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I don't love Putin, insists Trump, after fractious deputies' debate


Donald Trump at his campaign rally in Reno, Nevada (AP)

Donald Trump at his campaign rally in Reno, Nevada (AP)

Donald Trump at his campaign rally in Reno, Nevada (AP)

Donald Trump has hit back at Hillary Clinton's accusation that he is cosying up to Russian president Vladimir Putin after the claim put the Republican White House hopeful's running mate on the defensive during the US vice presidential debate.

Mr Trump offered effusive praise for Mike Pence's performance, but also claimed credit for it, even as both campaigns acknowledged that the sole vice presidential debate was unlikely to alter the race's direction.

Celebrity billionaire businessman Mr Trump said his relationship with Russia's leader would be determined by how Moscow responded to strong US leadership under his administration.

"They say Donald Trump loves Putin. I don't love, I don't hate. We'll see how it works," he told a rally outside Las Vegas.

But Democrat Mrs Clinton shrugged that off, saying Mr Trump had "this weird fascination with dictators".

"My opponent seems not to know the difference between an ally and adversary," she told an evening fund-raising event in Washington. "There seems to be some misunderstanding about what it means to have a dictatorship and provide leadership."

Mr Trump sought to take away an argument that Mrs Clinton and her running mate Tim Kaine have ramped up in the final weeks of the campaign as they work to portray Mr Trump as dangerous for American interests overseas.

While US-Russia relations nosedive over failed diplomacy in Syria, Mr Trump has complimented Mr Putin, calling him a strong leader and even encouraging him to track down Mrs Clinton's missing e-mails, though he later said he was being sarcastic.

"You guys love Russia," Mr Kaine said in Tuesday's debate. "You both have said Vladimir Putin is a better leader than the president."

In a forceful rebuke, Mr Pence described Mr Putin as a "small and bullying leader", but blamed Mrs Clinton and President Barack Obama for a "weak and feckless" foreign policy that had awakened Moscow's aggression in Ukraine and meddling in the Middle East.

The US and Russia back opposing sides in Syria's civil war but both are fighting the Islamic State group there. The US cut off talks with Russia about Syria this week after the latest ceasefire collapsed, blaming Russia for failing to fulfill its commitments under the deal.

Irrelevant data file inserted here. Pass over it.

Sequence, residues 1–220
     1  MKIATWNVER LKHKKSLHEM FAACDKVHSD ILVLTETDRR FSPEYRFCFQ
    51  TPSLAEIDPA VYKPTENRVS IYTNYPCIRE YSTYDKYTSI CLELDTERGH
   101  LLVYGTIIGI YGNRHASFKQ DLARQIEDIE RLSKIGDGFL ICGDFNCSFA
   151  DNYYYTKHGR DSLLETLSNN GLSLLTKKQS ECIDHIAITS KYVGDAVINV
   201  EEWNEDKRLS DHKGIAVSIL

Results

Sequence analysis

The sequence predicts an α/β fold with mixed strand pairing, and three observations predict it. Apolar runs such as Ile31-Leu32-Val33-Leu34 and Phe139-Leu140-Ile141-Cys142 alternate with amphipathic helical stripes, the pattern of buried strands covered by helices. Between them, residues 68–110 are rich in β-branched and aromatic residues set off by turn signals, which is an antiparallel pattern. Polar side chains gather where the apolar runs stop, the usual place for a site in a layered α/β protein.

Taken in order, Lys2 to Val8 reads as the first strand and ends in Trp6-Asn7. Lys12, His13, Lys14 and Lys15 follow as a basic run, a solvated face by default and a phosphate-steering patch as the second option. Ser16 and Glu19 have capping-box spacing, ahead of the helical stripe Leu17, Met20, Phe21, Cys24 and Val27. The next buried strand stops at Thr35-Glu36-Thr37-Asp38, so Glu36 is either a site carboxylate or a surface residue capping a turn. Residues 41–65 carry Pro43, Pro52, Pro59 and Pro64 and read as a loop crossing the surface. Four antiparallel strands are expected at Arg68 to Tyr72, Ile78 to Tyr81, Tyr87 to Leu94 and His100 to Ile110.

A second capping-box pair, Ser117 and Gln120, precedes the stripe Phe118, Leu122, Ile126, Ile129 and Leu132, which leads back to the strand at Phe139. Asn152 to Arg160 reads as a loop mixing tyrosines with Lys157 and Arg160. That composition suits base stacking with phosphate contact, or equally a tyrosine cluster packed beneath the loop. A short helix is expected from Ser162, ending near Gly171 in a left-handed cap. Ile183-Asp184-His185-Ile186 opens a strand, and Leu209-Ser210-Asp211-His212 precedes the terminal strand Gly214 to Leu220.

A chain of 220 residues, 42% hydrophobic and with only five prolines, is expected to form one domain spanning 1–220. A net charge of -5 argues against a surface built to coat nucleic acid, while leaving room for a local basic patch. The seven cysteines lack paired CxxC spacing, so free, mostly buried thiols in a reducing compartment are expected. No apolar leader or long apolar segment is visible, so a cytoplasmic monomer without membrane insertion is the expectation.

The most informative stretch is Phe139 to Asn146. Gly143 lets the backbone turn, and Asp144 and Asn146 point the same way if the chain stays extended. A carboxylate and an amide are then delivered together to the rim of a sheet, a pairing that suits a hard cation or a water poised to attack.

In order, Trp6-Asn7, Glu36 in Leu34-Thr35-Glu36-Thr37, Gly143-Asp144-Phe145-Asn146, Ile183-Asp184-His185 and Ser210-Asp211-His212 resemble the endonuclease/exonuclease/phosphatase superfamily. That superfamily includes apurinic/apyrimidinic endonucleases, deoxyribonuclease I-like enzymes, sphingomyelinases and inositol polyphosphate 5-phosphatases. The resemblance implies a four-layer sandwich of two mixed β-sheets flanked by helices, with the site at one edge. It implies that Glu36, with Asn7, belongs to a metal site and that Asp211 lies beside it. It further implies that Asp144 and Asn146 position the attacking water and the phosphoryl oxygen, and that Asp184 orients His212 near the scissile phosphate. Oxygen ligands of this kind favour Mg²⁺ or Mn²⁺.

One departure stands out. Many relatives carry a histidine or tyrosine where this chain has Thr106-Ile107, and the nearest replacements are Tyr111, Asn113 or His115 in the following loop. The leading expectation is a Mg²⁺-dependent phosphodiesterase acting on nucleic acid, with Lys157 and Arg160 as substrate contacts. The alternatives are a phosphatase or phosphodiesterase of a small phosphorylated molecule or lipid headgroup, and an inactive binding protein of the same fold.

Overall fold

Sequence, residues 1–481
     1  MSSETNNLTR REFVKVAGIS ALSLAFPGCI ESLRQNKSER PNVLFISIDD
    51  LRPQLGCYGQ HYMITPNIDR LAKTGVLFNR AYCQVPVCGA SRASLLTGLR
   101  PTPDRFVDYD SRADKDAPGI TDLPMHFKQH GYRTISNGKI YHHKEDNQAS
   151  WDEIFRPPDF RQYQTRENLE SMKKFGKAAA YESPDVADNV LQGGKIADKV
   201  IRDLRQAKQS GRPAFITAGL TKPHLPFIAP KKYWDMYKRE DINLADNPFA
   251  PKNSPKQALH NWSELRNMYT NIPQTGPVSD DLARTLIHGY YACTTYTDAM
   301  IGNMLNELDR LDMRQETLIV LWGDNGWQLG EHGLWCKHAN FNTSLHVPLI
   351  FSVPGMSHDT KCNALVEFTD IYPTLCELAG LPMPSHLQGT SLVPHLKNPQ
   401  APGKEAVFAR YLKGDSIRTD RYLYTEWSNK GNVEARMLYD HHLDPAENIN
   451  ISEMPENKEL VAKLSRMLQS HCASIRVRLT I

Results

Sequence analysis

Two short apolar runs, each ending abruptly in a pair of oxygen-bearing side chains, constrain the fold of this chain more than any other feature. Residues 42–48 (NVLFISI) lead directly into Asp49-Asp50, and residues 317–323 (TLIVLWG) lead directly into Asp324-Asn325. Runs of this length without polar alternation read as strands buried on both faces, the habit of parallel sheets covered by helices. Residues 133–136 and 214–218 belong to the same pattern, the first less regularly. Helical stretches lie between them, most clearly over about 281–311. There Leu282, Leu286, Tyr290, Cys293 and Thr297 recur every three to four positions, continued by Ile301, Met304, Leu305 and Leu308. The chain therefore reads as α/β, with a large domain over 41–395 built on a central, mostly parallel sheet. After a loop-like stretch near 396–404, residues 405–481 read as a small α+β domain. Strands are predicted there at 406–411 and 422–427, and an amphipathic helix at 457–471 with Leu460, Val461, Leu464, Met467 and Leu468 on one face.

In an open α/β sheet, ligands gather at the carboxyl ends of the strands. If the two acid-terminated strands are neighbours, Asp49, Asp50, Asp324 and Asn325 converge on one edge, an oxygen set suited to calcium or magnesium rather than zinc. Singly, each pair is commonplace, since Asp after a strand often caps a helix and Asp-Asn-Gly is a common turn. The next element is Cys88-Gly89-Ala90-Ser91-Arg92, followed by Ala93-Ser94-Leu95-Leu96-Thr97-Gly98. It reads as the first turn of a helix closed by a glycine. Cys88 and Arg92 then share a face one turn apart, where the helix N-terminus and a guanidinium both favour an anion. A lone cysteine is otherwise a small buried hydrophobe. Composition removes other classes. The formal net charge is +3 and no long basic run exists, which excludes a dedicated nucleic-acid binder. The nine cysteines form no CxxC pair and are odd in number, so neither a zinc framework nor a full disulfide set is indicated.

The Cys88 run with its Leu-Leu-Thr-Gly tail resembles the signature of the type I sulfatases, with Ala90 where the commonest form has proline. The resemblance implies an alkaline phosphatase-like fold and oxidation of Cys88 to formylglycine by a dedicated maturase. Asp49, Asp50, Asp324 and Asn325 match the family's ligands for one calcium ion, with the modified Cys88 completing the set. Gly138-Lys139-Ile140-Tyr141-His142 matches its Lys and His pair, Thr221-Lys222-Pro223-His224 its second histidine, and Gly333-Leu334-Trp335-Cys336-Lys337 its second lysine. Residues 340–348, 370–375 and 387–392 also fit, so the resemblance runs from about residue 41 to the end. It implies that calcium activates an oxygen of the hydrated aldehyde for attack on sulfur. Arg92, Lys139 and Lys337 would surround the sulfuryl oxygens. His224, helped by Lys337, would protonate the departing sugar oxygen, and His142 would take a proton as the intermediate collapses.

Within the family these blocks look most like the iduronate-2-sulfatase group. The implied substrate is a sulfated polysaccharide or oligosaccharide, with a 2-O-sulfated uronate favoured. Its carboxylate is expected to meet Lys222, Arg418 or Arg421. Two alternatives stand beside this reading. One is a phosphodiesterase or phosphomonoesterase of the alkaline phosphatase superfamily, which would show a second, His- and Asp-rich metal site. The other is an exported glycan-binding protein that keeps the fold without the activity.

"I can say this: If we get along and Russia went out with us and knocked the hell out of Isis, that's OK with me, folks," Mr Trump said, using an acronym for the extremist group.

Since last week's debate Mr Trump has faced a barrage of questions over a leaked tax return showing he lost more than 900 million dollars (£700m) in 1995. In turn, he has sought to reframe his life story as a comeback tale he hopes to recreate on behalf of a faltering nation.

"America needs a turnaround. American needs a comeback. America needs a change. And that's why I'm running," Mr Trump said.

Taking the stage in Henderson, Nevada, Mr Trump took his own victory lap for Mr Pence's performance, which he called "phenomenal".

Mr Pence's cool demeanour contrasted with Mr Trump's bluster during his own, top-of-the-ticket showdown against Mrs Clinton. However strong MrPence's performance, Mr Trump made clear he considered it a reflection of himself.

"I'm getting a lot of credit, because that's really my first so-called choice, that was my first hire," he said of Mr Pence.

Even Mrs Clinton's team was no't claiming that Mr Kaine had come out on top. Former president Bill Clinton, for example, said his wife's running mate "did just fine".

Mr Kaine acknowledged that even his wife gave him a hard time for his constant interruptions during the debate. But he said he was effectively able to block Mr Pence from attacking Mrs Clinton.

"I've never played hockey but I think I'd be a good goalie, based on last night," he said.

The big moment for their running mates behind them, both Mrs Clinton and Mr Trump were shifting focus back to each other - and to Sunday's debate, the second of three showdowns between the nominees.

Mrs Clinton was deep in debate preparations on Wednesday at her Washington home, huddling with campaign chairman John Podesta, top policy aid Jake Sullivan and her debate advisers.

Mr Trump, meanwhile, was on the campaign trail, making several stops across Nevada. In Reno, the New Yorker appeared to lecture Nevadans on how their state was correctly pronounced and then did an exaggerated version of his preferred pronunciation of "Neh-VAH-da", though most residents of the Silver State pronounce it "Neh-VAD-uh". He then declared that "nobody says it the other way".